Correo enviado a las listas de Correo en las que participo
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Enviado: Viernes, 15 de Junio de 2012 01:32 p.m.
Asunto: los judios se esconden detras del holocuento para hacer mierda a todo el mundo y
Que todos los respeten por la mierda de una gran mentira politica quiza leyendo el siguiente tema se den cuenta de una vez por todas quienes son los verdaderos satanicos de la pelicula. Israel no les pertenece, han matado asesinado descuartizado a los palestinos para robarles las tierras que ellos claman ser de ellos y esa gente es kazar no semita, los palestinos vivieron alla miles de anos, estos judios son nada mas que ladrones y asesinos. qu;e el mundo y dios los juzgue como se merecen. Los sionistas eran los que financiaban a Hitler. para obtener la tierra que la reina de inglaterra estaba de acuerdo si ellos convencian a los estados unidos que se plegaran a la primera guerra mundial, pero hasta la segunda guerra mundial no lo lograron y en el 48 nacio israel en donde siempre se llamo Palestina.
!!LOS VERDADEROS DUENOS DE LAS TIERRAS. Y EL QUE NO DEFIENDA ESO LE SERA QUITADO TAMBIEN SUS DERECHOS. PORQUE ASI ES EL KARMA.!!
The New York TimesMarch 19, 2012
Peter Novick, 77, Author of Holocaust BookBy DENNIS HEVESI
Peter Novick, a history professor at the
Universityof Chicagowho stirred controversy in 1999 with a book contending that the legacy of the Holocaust had come to unduly dominate American Jewish identity, died on Feb. 17 at his home in . He was 77. Chicago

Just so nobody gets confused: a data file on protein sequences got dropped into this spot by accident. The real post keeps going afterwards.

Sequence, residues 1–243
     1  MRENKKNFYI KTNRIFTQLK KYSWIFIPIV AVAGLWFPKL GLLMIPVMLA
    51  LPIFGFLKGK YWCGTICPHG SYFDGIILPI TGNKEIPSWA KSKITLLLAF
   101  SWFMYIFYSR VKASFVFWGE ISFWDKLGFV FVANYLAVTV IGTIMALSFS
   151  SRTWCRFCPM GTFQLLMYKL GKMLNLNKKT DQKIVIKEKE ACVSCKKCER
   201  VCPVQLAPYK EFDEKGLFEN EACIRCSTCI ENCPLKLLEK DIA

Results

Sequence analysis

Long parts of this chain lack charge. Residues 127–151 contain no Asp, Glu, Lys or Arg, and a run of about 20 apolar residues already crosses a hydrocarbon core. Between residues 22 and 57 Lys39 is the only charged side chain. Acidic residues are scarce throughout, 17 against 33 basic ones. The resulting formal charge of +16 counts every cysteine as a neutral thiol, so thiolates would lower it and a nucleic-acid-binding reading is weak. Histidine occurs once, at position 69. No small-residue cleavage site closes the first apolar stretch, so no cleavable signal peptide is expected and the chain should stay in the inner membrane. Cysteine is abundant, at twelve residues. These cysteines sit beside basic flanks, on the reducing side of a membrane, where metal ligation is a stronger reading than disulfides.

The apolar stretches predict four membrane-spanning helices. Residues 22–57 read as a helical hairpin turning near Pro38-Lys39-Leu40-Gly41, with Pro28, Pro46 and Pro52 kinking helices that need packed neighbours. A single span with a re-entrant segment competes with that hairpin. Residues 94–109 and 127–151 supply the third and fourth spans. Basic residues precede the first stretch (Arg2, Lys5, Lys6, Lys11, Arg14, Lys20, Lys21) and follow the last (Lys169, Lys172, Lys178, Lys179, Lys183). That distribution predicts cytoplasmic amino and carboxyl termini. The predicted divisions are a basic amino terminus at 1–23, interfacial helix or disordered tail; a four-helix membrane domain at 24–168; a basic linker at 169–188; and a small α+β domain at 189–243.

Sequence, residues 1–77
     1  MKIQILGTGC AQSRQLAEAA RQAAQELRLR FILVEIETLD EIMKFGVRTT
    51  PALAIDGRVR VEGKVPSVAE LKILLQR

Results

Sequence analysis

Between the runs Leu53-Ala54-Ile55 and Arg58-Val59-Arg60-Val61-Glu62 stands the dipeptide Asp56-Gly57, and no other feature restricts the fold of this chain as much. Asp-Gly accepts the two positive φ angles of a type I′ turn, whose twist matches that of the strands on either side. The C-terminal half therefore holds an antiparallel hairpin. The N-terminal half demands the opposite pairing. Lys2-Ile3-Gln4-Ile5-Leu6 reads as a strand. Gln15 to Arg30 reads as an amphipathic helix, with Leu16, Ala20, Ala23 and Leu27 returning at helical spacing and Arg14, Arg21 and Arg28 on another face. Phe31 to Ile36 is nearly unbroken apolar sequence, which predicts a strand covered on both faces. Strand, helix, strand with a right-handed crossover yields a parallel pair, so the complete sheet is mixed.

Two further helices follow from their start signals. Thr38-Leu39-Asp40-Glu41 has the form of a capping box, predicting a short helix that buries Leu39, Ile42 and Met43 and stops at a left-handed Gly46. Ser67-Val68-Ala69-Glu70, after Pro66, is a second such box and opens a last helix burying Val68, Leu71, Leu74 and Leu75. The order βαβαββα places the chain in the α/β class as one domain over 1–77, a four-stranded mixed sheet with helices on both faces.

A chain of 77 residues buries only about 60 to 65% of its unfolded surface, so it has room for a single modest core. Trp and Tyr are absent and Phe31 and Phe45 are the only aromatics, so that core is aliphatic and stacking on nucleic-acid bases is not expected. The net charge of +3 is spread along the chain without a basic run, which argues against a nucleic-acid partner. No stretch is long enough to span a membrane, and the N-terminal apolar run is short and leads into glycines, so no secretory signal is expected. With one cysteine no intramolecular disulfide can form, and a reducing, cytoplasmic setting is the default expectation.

The cause was lung cancer, his wife, Joan, said.
Dr. Novick -- ''a nonobservant Jew,'' according to his wife -- was the author of ''The Holocaust in American Life,'' in which he asked why the Nazi genocide had ''come to loom so large'' and ''whether the prominent role the Holocaust has come to play in both American Jewish and general American discourse is as desirable a development as most people seem to think it is.''
He was skeptical that it was, and 10 years of research, he added, ''confirmed the skepticism.''
Dr. Novick did not deny the enormity of the Holocaust or suggest that it should be forgotten. But he contended that at a time of increasing assimilation, intermarriage and secularization, it had become ''virtually the only common denominator of American Jewish identity in the late 20th century.''
The Holocaust, as he saw it, was also being used for political ends. That was particularly true, he said, after the Six-Day War in 1967 and the Yom Kippur War in 1973 had heightened fears of
's vulnerability. Israel
''After 1967, and particularly after 1973, much of the world came to see the Middle East conflict as grounded in the Palestinian struggle to, belatedly, accomplish the U.N.'s original intention'' of creating two states, he wrote. ''There were strong reasons for Jewish organizations to ignore all this, however, and instead to conceive of
's difficulties as stemming from the world's having forgotten the Holocaust. The Holocaust framework allowed one to put aside as irrelevant any legitimate grounds for criticizing Israel .'' Israel
Dr. Novick's book drew wide and varying reactions from reviewers and academicians.
In his review of the book in The New York Times,
LawrenceL. Langer, a scholar of Holocaust literature at Simmons Collegein , was unconvinced by Dr. Novick's contentions. ''Novick rightly slights formulaic responses to the Holocaust,'' he wrote, ''from the ubiquitous but vacuous 'Never again!' to the periodic manipulations of popular sympathy by some Jewish organizations when they fear a rise in anti-Semitism or a decline in support for Boston . But the abuse of the Holocaust for political or emotional ends does not discredit the continuing significance of the atrocity itself, as a human catastrophe and an example of vast evil in our time.'' Israel